Fears that the Iranians were developing nuclear weapons to go with their missile developments ultimately moved the US, the UK, France, Germany, Russia and China to act in concert to bring Iran to the negotiating table to sign an accord that put a rather tight straitjacket on Iran’s further nuclear efforts, for a decade. However, the accord said nothing (nor was it designed to) about Iran’s missile research and development efforts, or about Iranian support and participation in a vicious civil war in Yemen, or its support for Bashir al-Assad’s government in Syria in the civil war there as well.
Now, enter the Trump administration. The Iranian accord had been signed by Trump’s predecessor, Barack Obama, and that fed Trump’s ire about all things Obama, in addition to the obvious fact that those Iranian missiles and that country’s adventures in Syria and Yemen went unmentioned in the accord. Meanwhile, Iran’s regional opponents – most notably Binyamin Netanyahu’s Israel, Prince Mohammad bin Salman’s Saudi Arabia, and a number of the smaller oil/natural gas-rich nations on the Persian Gulf – had been lobbying hard for greater US pressure on Iran. The Trump administration saw that grouping as a way to offset Iran’s impact on the region – and perhaps to channel away the possibilities of an Israeli strike on Iranian nuclear facilities as well.
Once in office, the Trump administration quickly abrogated its participation in the nuclear accord and ramped up a range of economic and financial sanctions on Iran (including making it increasingly difficult for the country to market any of its oil after the easing of strictures on that action that had been part of the nuclear accord). This was apparently in an effort to provoke a revolt from below that would end the rule of the ayatollahs. Accordingly, the Trump administration advanced the bellicosity of its words towards Iran. Meanwhile, the Iranians offered their own harsh words, but they largely continued cautiously along their previous track – declining to abrogate their own participation in the accord for the most part, but, similarly, failing to roll back support for their chosen sides in the two civil wars – Syria and Yemen – that were bracketing the Arabian Peninsula.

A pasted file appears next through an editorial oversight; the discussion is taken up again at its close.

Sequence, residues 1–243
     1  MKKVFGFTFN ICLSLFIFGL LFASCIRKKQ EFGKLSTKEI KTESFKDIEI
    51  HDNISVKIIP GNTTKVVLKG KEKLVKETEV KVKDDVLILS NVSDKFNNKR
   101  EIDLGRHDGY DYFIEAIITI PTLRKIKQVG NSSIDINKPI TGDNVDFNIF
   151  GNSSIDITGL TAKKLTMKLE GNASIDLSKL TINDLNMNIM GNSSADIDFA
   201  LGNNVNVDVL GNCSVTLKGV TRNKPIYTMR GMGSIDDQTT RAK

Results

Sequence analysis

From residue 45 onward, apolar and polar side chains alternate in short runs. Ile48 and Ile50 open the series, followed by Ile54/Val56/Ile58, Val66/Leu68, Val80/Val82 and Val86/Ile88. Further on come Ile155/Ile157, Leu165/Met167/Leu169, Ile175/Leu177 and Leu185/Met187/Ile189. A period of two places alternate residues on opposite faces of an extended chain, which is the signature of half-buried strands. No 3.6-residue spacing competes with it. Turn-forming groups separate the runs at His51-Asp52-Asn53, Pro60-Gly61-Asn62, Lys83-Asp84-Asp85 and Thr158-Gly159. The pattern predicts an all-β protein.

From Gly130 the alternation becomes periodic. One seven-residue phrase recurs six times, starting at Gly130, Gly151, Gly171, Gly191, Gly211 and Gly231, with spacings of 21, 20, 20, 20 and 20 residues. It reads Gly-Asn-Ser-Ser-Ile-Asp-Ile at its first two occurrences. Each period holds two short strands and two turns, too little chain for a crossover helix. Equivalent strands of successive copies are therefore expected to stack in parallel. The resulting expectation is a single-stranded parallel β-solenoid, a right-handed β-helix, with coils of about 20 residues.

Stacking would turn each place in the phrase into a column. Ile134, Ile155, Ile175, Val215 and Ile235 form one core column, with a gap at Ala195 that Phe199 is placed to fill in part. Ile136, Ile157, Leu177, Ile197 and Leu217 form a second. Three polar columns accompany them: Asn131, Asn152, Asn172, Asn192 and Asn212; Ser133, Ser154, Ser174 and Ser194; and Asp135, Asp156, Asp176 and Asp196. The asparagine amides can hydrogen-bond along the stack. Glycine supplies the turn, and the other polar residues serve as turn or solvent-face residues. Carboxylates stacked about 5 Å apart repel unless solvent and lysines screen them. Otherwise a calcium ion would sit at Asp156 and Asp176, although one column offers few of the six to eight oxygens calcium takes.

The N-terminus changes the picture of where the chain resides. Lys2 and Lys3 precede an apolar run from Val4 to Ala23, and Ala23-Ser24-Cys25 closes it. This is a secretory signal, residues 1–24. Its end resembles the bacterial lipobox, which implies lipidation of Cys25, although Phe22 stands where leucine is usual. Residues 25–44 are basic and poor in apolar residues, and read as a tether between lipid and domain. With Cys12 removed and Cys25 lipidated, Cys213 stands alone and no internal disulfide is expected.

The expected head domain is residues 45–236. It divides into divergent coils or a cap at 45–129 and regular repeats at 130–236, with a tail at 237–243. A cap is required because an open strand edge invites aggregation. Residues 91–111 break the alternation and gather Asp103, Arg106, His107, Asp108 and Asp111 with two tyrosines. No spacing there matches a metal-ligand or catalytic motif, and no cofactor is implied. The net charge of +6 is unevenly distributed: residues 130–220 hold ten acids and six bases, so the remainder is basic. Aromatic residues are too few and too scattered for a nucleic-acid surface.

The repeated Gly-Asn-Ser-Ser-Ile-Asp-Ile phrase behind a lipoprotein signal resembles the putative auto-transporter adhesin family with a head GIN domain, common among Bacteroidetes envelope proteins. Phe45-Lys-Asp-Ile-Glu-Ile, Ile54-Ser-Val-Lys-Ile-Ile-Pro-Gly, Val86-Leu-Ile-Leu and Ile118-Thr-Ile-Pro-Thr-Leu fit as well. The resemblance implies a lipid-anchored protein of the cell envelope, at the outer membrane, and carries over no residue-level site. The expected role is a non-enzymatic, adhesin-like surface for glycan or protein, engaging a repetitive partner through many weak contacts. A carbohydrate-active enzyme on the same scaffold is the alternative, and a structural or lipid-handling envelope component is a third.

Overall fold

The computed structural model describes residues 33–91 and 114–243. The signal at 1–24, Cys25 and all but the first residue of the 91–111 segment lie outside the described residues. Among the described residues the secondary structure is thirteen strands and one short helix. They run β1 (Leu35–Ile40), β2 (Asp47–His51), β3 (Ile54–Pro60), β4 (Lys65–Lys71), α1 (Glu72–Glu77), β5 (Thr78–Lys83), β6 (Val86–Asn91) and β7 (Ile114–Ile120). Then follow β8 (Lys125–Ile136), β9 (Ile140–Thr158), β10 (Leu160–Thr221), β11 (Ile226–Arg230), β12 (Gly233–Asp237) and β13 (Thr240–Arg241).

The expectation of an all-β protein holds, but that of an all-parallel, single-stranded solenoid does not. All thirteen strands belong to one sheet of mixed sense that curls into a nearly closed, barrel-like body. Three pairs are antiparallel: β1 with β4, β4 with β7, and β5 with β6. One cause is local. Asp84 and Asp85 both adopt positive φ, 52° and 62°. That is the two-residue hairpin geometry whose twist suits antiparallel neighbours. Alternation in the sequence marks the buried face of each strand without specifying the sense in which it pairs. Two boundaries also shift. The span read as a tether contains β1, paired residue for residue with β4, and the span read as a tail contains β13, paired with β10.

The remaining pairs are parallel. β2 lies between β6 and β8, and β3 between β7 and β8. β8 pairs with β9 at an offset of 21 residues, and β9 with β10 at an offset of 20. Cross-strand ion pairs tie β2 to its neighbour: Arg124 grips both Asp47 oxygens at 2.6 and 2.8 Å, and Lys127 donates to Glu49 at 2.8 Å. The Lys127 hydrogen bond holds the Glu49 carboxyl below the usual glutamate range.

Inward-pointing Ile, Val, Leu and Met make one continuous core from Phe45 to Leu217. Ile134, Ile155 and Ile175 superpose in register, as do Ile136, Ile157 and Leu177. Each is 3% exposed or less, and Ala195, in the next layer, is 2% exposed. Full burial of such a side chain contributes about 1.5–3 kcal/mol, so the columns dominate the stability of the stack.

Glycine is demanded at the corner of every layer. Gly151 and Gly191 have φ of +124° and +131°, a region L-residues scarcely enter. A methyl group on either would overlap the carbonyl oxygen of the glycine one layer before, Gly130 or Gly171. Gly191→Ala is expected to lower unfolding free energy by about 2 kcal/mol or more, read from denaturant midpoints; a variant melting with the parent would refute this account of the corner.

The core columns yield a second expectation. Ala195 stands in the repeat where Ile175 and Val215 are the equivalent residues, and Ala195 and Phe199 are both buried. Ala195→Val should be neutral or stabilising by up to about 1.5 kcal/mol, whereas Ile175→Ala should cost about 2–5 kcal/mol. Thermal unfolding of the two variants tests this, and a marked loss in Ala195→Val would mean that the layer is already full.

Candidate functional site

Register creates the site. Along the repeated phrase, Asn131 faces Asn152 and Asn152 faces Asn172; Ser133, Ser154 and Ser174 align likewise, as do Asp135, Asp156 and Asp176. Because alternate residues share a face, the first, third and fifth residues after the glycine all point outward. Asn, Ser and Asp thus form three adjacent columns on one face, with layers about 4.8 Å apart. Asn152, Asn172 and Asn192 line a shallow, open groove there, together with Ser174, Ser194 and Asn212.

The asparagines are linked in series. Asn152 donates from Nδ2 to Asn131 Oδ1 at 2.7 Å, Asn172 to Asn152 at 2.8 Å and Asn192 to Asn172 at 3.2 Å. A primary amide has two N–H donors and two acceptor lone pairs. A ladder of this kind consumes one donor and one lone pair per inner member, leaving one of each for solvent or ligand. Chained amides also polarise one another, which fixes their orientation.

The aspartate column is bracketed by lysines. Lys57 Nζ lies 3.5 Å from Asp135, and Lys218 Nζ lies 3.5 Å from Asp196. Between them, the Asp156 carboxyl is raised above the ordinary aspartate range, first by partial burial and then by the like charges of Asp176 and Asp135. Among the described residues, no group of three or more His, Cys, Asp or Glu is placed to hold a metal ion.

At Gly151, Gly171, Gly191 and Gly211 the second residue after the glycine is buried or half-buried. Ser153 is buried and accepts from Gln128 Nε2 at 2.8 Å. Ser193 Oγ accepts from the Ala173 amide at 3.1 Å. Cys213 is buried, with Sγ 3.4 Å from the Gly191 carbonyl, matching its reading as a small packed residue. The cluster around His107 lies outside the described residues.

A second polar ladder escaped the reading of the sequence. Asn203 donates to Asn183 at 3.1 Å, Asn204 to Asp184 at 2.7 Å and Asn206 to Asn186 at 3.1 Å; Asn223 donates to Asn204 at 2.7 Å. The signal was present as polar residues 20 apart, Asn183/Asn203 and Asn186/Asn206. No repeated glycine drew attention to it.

Geopolitics is obviously important here. A quick look at a map shows that the Persian Gulf is one of the most important waterways in the world, as at least 30% of the entire globe’s consumption of natural gas and petroleum comes from the states clustered around the Gulf.
From there, it flows to Asia, Africa and Europe and so the waterway is a chokehold on global energy supplies. At the narrowest point at the Strait of Hormuz leading out from the Persian Gulf, the distance between the respective Iranian and Omani/United Arab Emirates’ sides of the Strait is only around 30 kilometres across.
Meanwhile, literally thousands of vessels transit that waterway, and the facilities placed along the coast and the ships sailing on the Gulf all make tempting targets for officially determined military actions, let alone attacks by non-official actors or actual terrorist groups, all eager to provoke something.
To avoid offering easy pickings for terrorists, a massive natural gas trans-shipment facility has been constructed in that bit of Omani territory fronting eastward onto the Arabian Sea at the tip of the Musandam Peninsula, but there is still that vast number of ships heading into or out of the Gulf and billions of dollars worth of highly flammable, hi-tech oil and natural gas installations in the various nations there.